But now Slamannan’s greenest champion of local rivers and natural wildlife habitat has officially become “eco-royalty”, after gaining a stunning national champion accolade at a major UK-wide event.
George Mackintosh, whose life revolves around his passion for the great outdoors, is a National River Champion, a title he was delighted to receive at a prestigious ceremony down south in front of 350 delegates.
The UK River Champion award is managed by the River Restoration Centre, a UK organisation providing advice and information on river restoration and catchment management.
George made the trip to the event despite having recently suffered two slipped discs, and says he’s delighted with an accolade that will raise the profile of the work carried out on rivers including the Avon and Carron.
As a leading light of the Slamannan Angling and Protective Association and a fund of innumerable “tales from the riverbank” it’s perhaps surprising to find his earlier life included an entire career in heavy industry.
But George, from Westquarter, was hooked on angling from a very early age, and his love of the great outdoors inexorably led to what amounts to a full time commitment.
“Whether it is teaching children about ‘trout in the classroom’ or improving natural habitats there is always plenty to do, says George, and some wonderful people to work with to make things better for everyone”.
He adds: “The one thing I really can’t abide is litter - there’s no need for it, and it spoils things for everybody for no reason.
“We really need to get to grip with that problem if we’re going to keep improving our natural resources”.
“We work quietly away, year after year, not really expecting to be noticed - so this award is great, because it recognises that very positive things are continuing to happen”.
George has spent years volunteering with the River Forth Fisheries Trust and local landowners to carry out four phases of river restoration, bringing in hundreds of thousands of pounds worth of funding to carry out these works.
In addition to the restoration work, George has supported the Trust deliver its learning programme about fish to around 25 schools over the past five years.
He has helped around 750 youngsters learn about rivers, trout and why they are so important for everyone and the environment.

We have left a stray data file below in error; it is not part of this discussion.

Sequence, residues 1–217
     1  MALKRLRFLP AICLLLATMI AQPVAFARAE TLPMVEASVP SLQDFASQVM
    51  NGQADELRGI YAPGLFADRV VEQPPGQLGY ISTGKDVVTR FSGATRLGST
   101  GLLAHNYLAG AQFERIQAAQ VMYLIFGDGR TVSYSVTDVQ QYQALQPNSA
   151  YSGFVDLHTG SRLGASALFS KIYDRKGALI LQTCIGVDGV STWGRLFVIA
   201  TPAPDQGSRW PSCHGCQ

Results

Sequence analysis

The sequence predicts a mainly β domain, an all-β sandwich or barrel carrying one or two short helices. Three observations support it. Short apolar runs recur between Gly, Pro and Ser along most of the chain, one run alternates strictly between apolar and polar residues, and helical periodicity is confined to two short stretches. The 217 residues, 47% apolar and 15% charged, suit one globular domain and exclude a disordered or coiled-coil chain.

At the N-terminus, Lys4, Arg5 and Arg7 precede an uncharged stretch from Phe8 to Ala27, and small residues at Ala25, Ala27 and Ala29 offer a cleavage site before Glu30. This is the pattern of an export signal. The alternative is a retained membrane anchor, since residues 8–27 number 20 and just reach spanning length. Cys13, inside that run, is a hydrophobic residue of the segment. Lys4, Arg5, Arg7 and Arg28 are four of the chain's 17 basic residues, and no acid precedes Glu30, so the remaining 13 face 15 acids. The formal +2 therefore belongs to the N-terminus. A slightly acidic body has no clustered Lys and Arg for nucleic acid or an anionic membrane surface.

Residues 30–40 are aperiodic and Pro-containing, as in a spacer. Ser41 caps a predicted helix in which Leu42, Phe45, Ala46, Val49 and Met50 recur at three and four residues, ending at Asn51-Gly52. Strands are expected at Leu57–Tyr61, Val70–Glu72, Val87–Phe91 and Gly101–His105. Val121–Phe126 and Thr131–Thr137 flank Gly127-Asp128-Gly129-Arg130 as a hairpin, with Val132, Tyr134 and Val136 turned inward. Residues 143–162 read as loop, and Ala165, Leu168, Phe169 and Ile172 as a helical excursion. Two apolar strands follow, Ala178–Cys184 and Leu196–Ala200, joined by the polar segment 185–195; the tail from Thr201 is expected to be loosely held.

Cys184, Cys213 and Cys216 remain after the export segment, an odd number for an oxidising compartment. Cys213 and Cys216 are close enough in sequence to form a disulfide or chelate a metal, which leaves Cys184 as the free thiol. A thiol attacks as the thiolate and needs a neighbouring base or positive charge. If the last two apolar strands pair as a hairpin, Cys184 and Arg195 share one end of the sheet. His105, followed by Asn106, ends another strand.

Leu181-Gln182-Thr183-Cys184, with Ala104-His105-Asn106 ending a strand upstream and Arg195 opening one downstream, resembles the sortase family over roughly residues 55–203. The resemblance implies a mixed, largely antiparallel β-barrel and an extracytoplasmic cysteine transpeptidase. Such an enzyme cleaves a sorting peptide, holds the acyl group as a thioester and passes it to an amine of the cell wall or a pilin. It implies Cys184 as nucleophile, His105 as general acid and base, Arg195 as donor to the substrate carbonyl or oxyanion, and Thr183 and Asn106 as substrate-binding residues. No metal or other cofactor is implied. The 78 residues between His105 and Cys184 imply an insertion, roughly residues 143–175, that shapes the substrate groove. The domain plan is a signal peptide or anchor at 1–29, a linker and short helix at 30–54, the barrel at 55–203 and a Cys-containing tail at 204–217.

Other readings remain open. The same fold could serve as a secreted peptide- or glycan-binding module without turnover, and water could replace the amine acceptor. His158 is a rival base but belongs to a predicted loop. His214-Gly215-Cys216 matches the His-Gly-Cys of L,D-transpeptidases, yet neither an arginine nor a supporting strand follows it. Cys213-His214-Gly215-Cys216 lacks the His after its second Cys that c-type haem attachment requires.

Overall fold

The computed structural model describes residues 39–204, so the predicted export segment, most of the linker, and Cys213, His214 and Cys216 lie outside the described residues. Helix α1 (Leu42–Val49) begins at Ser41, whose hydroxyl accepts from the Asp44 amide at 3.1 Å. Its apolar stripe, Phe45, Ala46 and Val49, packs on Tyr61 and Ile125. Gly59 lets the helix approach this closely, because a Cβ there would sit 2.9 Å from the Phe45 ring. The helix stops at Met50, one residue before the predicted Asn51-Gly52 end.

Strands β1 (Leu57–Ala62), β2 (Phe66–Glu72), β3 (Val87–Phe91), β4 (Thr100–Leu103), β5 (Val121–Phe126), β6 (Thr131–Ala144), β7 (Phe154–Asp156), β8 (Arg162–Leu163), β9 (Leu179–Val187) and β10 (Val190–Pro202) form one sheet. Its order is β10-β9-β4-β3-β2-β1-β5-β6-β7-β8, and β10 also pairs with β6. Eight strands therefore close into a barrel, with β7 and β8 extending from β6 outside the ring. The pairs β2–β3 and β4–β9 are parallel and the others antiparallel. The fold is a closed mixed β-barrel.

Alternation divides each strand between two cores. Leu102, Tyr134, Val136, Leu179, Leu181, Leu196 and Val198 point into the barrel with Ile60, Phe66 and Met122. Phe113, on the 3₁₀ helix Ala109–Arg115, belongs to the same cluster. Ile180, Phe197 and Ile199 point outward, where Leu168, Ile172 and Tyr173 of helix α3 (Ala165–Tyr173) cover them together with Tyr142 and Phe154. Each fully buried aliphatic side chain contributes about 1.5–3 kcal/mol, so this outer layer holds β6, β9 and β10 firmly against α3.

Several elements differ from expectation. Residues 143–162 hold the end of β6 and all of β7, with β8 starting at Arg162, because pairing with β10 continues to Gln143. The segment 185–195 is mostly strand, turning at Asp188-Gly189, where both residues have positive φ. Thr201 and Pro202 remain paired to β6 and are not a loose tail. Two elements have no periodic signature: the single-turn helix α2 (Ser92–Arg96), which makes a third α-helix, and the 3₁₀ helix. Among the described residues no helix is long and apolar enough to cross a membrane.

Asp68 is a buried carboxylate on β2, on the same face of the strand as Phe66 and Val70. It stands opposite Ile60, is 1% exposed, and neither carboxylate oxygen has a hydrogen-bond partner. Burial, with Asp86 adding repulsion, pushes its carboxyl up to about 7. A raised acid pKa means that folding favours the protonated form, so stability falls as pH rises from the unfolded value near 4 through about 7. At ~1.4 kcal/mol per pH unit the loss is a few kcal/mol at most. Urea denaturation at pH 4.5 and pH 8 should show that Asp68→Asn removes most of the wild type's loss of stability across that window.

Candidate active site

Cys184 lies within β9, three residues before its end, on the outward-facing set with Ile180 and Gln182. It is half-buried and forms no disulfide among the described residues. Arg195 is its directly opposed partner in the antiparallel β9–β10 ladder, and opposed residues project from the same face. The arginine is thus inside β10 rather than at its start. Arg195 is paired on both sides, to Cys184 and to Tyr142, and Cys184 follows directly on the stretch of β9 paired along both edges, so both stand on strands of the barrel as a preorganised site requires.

Now he is working alongside the Trust on the Upper Avon to improve the river through the RiverLife: Almond & Avon project.
It aims to stop bank erosion, improve stream habitat and boost river edge habitat for wildlife.
George is a key driver for these works and, says the Trust, without his enthusiasm and ambition in championing the river Avon a lot of this work would not have been completed.
The River Champion said: “I am thrilled to have been nominated by friends at the River Forth Fisheries Trust for the River Champion awards and even more thrilled to have been chosen as a river champion by the River Restoration Centre.
“The river Avon near Falkirk is my local river which I have fished since I was a boy and helping it in any way I can provides me great joy and satisfaction that I can provide for it just as it has provided for me over the years.”
Alison Baker, Trust Manager at River Forth Fisheries Trust said: “Volunteers like George are the true heroes of our rivers in the Forth area.
“The Trust has had the pleasure of working with George for a number of years and at every step of the way we have enjoyed his enthusiasm for action on the ground.
“George has helped the Trust on several projects throughout the Forth, not just on the River Avon and his support is greatly appreciated.
“This is just one of many reasons we felt the need to show our appreciation of his hard work and effort by nominating him for the River Champion award.”
That view is heartily endorsed by River Restoration Centre managing director Martin James, who said: “The River Restoration Centre commends the many years of effort that George has put into improving the River Avon. A local Slamannan fisherman, his drive to recognise problems, engage the local community and find out what should be done has successfully found funding and delivered four projects along the river.
“He is fully deserving of a ‘River Champion’ award and we hope his excellent work continues into the future and inspires the younger generations with whom he is working in the local schools.”